Troubleshooting notebooks

Nothing happens after clicking "Open JupyterLab"

Verify that your browser does not block pop-up tabs. JupyterLab opens in a new browser tab.

No Inverting Proxy server access to JupyterLab

AI Platform Notebooks uses a Google internal Inverting Proxy server to provide access to JupyterLab. AI Platform Notebooks instance settings, network configuration, and other factors can prevent access to JupyterLab. Use SSH to connect to JupyterLab and learn more about why you might not have access through the Inverting Proxy.

Unable to SSH into notebook instance

AI Platform Notebooks uses OS Login to enable SSH access. This is done automatically at AI Platform Notebooks instance creation time by setting the metadata entry enable-oslogin value to TRUE. To enable SSH access for AI Platform Notebooks for users, complete the steps for configuring OS Login roles on user accounts.

Opening a notebook results in a 403 (Forbidden) error

There are 3 different options to access notebook JupyterLab:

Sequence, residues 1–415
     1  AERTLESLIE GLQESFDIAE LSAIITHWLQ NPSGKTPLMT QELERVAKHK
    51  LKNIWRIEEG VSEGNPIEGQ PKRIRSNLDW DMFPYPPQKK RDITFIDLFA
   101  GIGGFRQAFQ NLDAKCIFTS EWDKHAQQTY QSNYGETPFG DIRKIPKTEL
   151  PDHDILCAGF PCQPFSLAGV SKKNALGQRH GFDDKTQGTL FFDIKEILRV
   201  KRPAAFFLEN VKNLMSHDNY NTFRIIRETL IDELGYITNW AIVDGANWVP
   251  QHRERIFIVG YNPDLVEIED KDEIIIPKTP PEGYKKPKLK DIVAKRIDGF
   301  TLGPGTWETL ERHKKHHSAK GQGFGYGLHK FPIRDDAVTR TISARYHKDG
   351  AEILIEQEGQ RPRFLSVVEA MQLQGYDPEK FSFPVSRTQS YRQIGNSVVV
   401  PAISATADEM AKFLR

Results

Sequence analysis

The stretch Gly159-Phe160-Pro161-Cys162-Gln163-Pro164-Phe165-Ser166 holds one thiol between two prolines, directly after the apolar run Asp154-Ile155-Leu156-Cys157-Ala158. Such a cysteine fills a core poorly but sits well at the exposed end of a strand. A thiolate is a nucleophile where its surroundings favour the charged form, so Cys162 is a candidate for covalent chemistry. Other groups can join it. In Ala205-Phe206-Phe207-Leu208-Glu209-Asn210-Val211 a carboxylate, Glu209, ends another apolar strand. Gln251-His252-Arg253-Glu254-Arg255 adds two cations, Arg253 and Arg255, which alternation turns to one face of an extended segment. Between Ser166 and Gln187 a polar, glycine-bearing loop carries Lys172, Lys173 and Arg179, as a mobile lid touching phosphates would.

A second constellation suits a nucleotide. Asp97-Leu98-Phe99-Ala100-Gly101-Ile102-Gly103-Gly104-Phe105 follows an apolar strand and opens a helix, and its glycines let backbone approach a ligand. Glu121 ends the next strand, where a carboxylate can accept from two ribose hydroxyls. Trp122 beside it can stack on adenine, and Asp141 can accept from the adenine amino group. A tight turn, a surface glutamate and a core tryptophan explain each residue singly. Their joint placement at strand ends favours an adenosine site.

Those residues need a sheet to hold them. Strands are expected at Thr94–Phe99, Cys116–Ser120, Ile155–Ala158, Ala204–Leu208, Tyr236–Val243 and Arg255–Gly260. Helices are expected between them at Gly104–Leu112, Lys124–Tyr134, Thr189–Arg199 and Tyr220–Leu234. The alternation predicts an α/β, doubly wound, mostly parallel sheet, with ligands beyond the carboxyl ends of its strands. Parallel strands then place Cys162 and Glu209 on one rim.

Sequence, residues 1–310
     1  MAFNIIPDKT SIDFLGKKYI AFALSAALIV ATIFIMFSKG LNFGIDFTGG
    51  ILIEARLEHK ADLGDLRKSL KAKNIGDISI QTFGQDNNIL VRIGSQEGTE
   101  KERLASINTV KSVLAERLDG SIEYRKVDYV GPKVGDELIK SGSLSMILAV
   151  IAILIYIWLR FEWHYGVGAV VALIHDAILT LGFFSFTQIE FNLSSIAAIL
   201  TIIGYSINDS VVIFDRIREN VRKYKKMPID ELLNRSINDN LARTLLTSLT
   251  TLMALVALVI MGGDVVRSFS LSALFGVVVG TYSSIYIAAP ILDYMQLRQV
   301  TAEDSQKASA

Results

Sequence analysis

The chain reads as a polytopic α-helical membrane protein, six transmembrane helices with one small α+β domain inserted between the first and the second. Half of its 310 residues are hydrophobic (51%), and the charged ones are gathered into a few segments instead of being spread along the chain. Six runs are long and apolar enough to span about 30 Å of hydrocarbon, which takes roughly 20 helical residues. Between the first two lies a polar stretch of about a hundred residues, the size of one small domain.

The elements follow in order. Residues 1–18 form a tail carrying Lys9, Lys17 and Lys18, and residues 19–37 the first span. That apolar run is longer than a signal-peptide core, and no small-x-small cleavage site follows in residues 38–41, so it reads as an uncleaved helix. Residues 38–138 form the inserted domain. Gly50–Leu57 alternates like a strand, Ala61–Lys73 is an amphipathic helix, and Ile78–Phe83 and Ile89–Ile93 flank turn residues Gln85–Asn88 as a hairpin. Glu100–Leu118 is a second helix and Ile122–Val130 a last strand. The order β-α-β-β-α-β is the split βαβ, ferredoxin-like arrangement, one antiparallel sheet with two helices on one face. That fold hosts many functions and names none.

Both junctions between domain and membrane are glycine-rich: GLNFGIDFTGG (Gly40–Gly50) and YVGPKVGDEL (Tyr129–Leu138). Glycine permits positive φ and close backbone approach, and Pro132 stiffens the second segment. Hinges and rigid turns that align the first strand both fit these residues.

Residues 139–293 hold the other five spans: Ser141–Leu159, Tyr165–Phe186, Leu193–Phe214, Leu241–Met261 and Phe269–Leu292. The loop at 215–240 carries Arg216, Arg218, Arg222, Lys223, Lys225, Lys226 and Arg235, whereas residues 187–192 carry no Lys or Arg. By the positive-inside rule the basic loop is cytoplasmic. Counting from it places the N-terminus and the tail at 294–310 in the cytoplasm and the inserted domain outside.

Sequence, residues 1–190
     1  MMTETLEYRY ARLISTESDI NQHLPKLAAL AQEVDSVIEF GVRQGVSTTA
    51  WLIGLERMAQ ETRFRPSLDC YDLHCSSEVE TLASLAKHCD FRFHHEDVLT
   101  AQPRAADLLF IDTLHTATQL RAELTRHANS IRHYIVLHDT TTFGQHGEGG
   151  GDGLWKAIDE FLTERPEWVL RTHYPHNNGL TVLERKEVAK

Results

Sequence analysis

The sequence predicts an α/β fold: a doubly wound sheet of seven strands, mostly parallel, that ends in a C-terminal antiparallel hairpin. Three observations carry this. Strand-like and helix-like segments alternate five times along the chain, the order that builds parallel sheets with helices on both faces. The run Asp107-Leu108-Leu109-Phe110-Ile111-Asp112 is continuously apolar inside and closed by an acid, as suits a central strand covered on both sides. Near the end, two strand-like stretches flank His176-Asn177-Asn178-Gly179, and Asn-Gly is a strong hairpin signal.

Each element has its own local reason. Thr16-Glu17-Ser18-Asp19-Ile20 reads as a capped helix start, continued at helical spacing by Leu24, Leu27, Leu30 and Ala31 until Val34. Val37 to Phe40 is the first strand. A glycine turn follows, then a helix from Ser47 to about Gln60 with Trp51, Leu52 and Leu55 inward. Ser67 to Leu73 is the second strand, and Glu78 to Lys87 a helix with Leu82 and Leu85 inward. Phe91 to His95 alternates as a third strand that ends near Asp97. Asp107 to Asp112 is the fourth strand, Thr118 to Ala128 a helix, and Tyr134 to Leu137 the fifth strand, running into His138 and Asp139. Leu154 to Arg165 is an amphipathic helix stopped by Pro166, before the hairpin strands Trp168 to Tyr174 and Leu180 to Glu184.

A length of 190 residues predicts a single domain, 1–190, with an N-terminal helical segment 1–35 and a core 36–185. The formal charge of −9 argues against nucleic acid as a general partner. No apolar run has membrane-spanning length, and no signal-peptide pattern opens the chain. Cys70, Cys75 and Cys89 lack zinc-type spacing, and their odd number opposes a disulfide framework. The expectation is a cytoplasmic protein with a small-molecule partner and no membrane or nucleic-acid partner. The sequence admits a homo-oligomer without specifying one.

• Single User
  • Service Account
  • Project Editors

The access mode is configured during Notebook creation and it is defined in the notebook metadata:

  • Single User: proxy-mode=mail, proxy-user-mail=user@domain.com
  • Service Account: proxy-mode=service_account
  • Project Editors: proxy-mode=project_editors

If you can't access a notebook when you click Open JupyterLab, try the following:

  • Verify that the user accessing the instance has the iam.serviceAccounts.ActAs permission for the defined service account. The service account on the instance provides access to other Google Cloud services. You can use any service account within the same project, but you must have the Service Account User permission (iam.serviceAccounts.actAs) to access the instance. If not specified, the Compute Engine default service account is used and this permission is required as well.

The following example shows how to specify a service account when you create an instance:

gcloud beta notebooks instances create nb-1 \
  --vm-image-family=tf2-latest-cpu \
  --metadata=proxy-mode=mail,proxy-user-mail=user@domain.com \
  --service-account=your_service_account@project_id.iam.gserviceaccount.com \
  --location=us-west1-a